Getting The Biggest Bang For Your Buck At A Procurement Conference
Game-on! There’s a right way – and a wrong way – to approach a major procurement conference. With your company making a significant investment to have you there, here are five tips to help you demonstrate an impressive ROI.Michele Paccione/Shutterstock.com
You’ve arrived at a major procurement and supply management conference. Let’s imagine, for a minute, that you’ve hit the fast-forward button and find yourself on the other side – bags packed, standing outside your hotel and waiting for a cab.
How do you feel? Exhausted but satisfied that you’ve made the most of every minute? Or a little bit … guilty? As your taxi pulls away and heads for the airport, will you wonder whether you should have spoken to just a few more people? You’ve attended plenty of sessions, but why didn’t you take more notes?
I know the feeling. It’s so easy to snooze your way through a conference, but it’s crucial that you don’t!
Whether it’s through attending the best of the best speaker sessions, or through networking like a champion, I’m going to show you five ways to get the most bang for you buck.
It’s not a vacation
Remember the glory days when going to a work conference was, essentially, a bit of a treat? Sure, you had to attend a number of presentations but, in exchange, you were gifted a few days out of the office, possibly at a semi-exotic location, and a few cocktails at the bar with your peers.
Today it’s considered an absolute, and rare, privilege to be selected to represent your company at a major professional-development event. Budgets and headcounts are increasingly slashed, which means getting the approval to attend a conference borders on the extraordinary. As such, you can bet you’ll need to demonstrate a pretty sizeable ROI.
But you’ll only make the most of it if you’ve prepared well in advance and bring your A-game to the event itself.
- Have a plan
It’s absolutely crucial to understand your key conference objectives in advance. What do you, and your organisation, want to achieve? Maybe your employer is keen for you to find new suppliers, gain market intelligence, or benchmark information? You might have some personal objectives such as finding a mentor or even a new job, or want to use the opportunity to position yourself as a thought leader.
The crucial point is that these events are no longer just about the individual attending. Attendees need to multiply the investment and make sure that everyone in the team benefits from their learning from this event. This is why it is important for you to “amplify” what you learn back into your team.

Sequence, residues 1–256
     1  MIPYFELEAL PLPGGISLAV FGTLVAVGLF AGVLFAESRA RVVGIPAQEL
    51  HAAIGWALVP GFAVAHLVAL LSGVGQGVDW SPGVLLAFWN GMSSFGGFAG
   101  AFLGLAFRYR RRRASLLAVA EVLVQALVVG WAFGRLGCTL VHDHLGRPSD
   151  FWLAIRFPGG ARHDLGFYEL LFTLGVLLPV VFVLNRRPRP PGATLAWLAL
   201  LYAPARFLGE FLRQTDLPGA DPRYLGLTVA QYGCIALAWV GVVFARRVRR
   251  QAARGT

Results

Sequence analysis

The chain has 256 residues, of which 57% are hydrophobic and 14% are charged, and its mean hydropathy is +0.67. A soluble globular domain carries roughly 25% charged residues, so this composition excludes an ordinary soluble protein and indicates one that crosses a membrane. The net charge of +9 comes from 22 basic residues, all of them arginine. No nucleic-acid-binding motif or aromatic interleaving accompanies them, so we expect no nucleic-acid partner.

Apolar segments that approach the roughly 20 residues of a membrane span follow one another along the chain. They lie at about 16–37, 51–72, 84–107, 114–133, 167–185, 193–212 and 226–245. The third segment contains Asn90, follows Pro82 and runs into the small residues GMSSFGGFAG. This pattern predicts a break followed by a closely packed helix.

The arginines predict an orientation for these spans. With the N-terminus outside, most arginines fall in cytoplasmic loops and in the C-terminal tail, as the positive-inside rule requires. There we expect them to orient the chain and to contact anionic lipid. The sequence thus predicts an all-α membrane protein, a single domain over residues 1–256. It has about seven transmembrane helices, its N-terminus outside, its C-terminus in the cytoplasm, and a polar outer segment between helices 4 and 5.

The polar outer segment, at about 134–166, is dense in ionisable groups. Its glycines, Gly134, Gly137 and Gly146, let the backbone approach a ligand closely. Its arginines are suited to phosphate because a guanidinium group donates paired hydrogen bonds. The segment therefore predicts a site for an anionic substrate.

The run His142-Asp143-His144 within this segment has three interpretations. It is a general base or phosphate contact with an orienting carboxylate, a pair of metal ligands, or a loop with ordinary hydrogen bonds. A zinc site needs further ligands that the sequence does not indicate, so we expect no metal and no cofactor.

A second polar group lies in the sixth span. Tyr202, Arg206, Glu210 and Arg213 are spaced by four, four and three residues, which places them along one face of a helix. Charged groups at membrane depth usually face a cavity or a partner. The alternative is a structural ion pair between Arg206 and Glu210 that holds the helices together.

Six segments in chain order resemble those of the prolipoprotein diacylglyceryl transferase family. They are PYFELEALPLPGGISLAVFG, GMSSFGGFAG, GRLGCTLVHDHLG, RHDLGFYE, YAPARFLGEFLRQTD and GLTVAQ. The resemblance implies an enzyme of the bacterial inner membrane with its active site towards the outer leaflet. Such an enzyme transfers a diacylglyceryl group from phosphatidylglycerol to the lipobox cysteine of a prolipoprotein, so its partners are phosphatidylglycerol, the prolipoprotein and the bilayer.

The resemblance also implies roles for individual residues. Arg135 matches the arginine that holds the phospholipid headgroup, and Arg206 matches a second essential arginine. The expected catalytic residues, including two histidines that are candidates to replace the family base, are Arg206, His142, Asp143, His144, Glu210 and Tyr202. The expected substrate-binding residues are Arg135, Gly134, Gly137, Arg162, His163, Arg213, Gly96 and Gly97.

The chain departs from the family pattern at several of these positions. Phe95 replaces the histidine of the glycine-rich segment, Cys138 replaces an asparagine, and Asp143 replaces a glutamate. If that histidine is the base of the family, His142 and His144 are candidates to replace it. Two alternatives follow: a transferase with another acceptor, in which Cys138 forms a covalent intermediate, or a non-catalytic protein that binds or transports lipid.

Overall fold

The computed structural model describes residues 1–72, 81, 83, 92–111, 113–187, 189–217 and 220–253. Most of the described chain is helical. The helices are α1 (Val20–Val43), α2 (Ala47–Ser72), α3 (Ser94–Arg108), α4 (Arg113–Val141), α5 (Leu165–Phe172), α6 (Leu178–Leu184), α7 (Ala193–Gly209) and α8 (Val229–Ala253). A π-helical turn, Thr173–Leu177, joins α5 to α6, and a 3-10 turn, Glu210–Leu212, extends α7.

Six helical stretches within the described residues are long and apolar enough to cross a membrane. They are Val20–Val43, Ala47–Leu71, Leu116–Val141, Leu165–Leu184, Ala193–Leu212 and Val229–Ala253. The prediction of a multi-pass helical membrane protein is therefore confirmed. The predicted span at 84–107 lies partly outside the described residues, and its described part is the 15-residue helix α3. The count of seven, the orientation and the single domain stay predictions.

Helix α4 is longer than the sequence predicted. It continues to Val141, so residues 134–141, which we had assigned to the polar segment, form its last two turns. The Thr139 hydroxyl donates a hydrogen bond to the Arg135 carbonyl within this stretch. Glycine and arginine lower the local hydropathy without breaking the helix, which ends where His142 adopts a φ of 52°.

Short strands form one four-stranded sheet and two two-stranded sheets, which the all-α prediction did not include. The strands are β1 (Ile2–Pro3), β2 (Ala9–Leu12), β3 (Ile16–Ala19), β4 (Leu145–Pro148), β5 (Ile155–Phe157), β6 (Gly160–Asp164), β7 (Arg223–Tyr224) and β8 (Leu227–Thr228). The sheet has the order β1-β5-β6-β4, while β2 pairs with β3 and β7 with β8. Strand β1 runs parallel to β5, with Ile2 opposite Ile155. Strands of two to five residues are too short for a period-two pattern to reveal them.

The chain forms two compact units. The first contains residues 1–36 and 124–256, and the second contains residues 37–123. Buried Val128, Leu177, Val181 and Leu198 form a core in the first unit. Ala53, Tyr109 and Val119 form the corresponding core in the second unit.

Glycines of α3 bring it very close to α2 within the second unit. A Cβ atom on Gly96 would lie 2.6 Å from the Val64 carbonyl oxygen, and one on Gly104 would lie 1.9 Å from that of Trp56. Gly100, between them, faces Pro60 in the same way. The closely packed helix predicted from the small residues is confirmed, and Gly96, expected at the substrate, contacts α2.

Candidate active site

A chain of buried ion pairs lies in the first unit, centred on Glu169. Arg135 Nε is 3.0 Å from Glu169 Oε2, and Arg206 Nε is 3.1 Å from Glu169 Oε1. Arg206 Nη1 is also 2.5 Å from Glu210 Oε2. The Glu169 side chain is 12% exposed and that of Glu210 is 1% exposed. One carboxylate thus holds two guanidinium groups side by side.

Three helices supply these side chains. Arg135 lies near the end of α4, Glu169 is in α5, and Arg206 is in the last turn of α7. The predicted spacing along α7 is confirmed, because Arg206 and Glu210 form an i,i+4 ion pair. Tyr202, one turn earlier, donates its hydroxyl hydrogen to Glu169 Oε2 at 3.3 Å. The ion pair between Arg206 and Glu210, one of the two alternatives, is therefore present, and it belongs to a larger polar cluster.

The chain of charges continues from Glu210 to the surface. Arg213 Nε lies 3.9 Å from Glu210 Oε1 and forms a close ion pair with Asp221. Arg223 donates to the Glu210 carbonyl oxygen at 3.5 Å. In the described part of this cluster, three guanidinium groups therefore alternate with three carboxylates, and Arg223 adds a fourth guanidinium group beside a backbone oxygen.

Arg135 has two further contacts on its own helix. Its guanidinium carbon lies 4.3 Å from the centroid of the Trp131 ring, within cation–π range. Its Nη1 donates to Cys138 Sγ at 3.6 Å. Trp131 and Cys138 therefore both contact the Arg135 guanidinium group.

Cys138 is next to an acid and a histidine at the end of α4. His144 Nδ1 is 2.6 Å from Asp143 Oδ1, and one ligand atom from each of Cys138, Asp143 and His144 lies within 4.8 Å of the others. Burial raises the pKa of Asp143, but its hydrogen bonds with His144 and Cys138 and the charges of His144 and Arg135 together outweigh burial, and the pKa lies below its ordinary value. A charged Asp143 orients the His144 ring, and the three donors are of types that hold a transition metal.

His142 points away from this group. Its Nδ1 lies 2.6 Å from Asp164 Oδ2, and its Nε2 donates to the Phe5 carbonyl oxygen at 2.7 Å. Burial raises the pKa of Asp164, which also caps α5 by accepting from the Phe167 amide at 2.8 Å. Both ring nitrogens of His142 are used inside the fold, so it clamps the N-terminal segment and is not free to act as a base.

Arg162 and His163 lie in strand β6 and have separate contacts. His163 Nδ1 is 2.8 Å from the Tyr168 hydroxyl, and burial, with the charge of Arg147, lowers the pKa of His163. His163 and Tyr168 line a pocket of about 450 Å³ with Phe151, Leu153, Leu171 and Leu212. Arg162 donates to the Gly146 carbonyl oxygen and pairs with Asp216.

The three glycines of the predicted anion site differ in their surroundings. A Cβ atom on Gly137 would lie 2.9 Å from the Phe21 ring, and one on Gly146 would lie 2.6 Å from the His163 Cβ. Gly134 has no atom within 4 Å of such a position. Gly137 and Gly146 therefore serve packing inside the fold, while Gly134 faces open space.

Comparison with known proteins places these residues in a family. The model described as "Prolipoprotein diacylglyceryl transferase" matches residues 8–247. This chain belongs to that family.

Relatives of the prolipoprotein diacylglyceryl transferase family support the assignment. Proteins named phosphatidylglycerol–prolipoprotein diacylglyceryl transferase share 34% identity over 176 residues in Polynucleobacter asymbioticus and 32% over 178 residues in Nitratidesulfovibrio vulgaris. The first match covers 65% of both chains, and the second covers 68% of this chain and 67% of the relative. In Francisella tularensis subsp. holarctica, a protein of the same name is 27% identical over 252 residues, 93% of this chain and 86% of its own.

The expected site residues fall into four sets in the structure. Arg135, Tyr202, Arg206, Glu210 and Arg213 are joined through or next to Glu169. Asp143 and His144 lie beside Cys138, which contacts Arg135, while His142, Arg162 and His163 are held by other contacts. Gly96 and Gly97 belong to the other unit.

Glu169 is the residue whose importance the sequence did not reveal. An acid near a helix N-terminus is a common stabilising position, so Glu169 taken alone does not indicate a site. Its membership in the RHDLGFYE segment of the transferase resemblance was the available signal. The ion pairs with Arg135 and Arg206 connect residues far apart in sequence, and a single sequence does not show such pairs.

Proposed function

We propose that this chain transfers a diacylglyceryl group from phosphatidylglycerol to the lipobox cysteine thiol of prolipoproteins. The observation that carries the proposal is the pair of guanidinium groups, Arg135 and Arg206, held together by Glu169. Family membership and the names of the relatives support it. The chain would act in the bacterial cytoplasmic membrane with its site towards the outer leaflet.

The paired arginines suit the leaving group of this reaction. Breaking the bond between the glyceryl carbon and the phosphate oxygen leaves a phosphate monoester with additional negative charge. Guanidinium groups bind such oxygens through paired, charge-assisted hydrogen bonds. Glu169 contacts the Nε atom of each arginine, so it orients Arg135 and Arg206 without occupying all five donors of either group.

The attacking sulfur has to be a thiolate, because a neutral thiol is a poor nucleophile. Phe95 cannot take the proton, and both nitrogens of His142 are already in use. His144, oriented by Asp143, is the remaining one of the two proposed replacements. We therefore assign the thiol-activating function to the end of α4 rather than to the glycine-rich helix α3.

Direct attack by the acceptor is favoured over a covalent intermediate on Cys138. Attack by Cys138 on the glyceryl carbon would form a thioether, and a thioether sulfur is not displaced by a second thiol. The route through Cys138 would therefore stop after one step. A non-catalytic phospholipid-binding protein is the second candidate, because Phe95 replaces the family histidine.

- Familiarise yourself with the agenda
Depending on the conference’s size, there could be dozens of sessions, many of which will happen in tandem. Take some time to constructively assess the schedule with your own objectives in mind. Select topics and sessions that are most relevant to you, and think about what will be relevant to your company, too.
Prioritise and plan your itinerary, but don’t overdo it! Be realistic about how much you can achieve, how many sessions you can logistically make it to – and how much information you can actually absorb.
- Become a social-media anthropologist
Nothing says “conference efficiency” quite like an advance perusal of the speakers and attendees list. It might seem extremely forward, but an invitation to connect ahead of the event via LinkedIn, Twitter or Procurious is actually pretty flattering. And, if you’ve got the courage to go one step further and send a personal message, you’ve got a great conversation starter when you eventually meet in person.
If online meet-and-greets aren’t your style, you can still benefit from researching the backgrounds and careers of attendees or speakers. This will help you to decide who you are most keen to talk to and if attending certain sessions will be worth your while.
Make sure you upload your full biography and a fabulous profile picture onto the conference App so people can find, and reach out to, you too!
- What’s your end game?
You started with the end in mind, you arrived at the conference armed with your objectives and a commendable knowledge of the agenda and speakers. Now you need to decide what sort of report you’re going to present back to your team. A PowerPoint? Notes? It’s useful to have an idea of this before the conference kicks off so you can simply fill in the gaps because, let’s face it, if you promptly present a comprehensive report to your peers after the event, you’re far more likely to be selected to represent the team going forward.
So, armed with this “straw-man” of your report, attend your sessions of choice and take notes. Engage with your peers to learn their views and insights, and include those in your report too. Go directly to speakers and suppliers and ask them for material that you can incorporate.
If there are media professionals reporting on the conference, keep an eye out for blog articles with insights from the event, and catch the news from sessions that you weren’t able to attend.
- Share Your Learnings
Use Twitter, Procurious and LinkedIn to share key learnings live from the event. Live updates and posts from the event can make you really popular back at the office and ensure that your whole team benefits from your attendance. Don’t forget the hashtag!